ConservativeHome has stuck its neck out with an analysis of voting preferences for the November elections for Police and Crime Commissioners. Based on work by the Police Foundation, the article suggests that “even on the current discouraging opinion poll trends the Conservatives would end up winning the election of 21 commissioners against 20 for Labour”.
The claim has been picked up by the Guardian. But such a high figure seems like an odd sort of reverse expectation management on the part of ConservativeHome – as if they have some anti-Cameron agenda.
The first reason why the figure of 21 Tory Commissioners seems too high is that it is based on out-dated opinion poll data. Through no fault other than bad luck, the Police Foundation used data from February, when Labour’s average lead over the Tories was 1.5pts; the current UK Polling Report lead for Labour is 10pts.
Given that Labour’s support, absolutely and relative to the Tories, is now several points higher than it was when the Police Foundation did their analysis, some of the marginals might now go the other way. The tightest ones projected in the Tory column are Avon and Somerset, Bedfordshire, Northamptonshire and Warwickshire, and the same calculation, repeated now, might put all of these in Labour’s side, depending on exactly which polls are used.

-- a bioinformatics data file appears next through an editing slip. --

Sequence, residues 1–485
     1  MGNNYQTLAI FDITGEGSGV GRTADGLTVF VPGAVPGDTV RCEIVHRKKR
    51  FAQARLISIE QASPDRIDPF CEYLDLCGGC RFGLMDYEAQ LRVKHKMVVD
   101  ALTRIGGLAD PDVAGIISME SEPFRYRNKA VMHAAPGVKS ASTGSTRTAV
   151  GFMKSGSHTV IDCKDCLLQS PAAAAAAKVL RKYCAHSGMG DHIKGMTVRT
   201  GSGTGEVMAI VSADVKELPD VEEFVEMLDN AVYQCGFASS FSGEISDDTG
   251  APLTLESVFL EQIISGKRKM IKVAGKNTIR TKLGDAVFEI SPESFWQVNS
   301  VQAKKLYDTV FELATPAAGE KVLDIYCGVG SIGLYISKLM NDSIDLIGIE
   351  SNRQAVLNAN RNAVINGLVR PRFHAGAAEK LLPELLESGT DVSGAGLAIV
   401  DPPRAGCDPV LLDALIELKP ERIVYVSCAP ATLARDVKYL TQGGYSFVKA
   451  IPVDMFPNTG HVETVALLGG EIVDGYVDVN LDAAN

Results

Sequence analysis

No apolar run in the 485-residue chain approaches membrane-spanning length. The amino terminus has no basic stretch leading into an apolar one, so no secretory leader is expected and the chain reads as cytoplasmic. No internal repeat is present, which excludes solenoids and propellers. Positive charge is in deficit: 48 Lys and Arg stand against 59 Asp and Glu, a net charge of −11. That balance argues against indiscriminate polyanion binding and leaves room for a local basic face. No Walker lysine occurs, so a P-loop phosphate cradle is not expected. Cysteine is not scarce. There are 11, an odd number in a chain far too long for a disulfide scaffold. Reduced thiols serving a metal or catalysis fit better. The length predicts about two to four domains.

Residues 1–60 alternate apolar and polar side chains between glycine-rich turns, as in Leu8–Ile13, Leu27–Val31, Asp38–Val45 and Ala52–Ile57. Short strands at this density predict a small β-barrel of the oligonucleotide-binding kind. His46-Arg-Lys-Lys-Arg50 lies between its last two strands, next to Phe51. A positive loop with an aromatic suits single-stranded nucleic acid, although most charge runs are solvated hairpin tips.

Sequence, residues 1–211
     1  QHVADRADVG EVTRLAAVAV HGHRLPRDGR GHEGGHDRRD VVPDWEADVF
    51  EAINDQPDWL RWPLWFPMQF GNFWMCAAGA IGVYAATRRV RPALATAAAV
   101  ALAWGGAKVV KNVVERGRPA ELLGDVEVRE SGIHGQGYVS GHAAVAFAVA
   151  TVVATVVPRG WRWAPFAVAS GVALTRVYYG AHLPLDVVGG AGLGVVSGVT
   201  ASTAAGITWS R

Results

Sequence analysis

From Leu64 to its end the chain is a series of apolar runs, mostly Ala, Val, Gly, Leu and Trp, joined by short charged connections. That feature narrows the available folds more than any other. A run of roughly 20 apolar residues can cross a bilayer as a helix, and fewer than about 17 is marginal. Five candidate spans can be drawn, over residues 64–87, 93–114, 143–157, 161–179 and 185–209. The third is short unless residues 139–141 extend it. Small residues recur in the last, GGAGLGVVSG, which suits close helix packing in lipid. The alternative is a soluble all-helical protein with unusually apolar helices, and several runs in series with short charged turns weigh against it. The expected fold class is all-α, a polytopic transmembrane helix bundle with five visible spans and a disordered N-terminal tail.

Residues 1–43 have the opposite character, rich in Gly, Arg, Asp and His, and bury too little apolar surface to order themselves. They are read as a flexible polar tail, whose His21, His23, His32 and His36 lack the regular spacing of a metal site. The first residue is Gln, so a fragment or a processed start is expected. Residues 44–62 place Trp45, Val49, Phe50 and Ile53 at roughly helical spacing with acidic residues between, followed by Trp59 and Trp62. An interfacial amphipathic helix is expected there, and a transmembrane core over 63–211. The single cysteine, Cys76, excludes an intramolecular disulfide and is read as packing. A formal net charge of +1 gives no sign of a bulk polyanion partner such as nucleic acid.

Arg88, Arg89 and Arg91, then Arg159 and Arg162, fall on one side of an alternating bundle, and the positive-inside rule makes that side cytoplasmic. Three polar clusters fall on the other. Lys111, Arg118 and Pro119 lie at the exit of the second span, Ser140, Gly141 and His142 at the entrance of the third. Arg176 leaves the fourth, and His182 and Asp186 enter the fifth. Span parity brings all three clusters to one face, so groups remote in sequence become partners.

I’m not sure whether ConservativeHome missed this or chose to ignore it, but the suggestion that the analysis incorporates “current” polling isn’t correct.
The second problem with the prediction of 21 Tory Commissioners is the unpredictability of the election.
Turnout is one issue. Of course it will be low, but at the moment there’s no way of knowing whether this will affect one side more than another.
There’s also the unpredictable impact of independent candidates. Plausible local campaigns could disrupt the Tory/Labour dominance, or they may just disappear without trace in an election that won’t get much national media coverage.
The other unpredictable factor, which could be crucial, is how voters will see the election.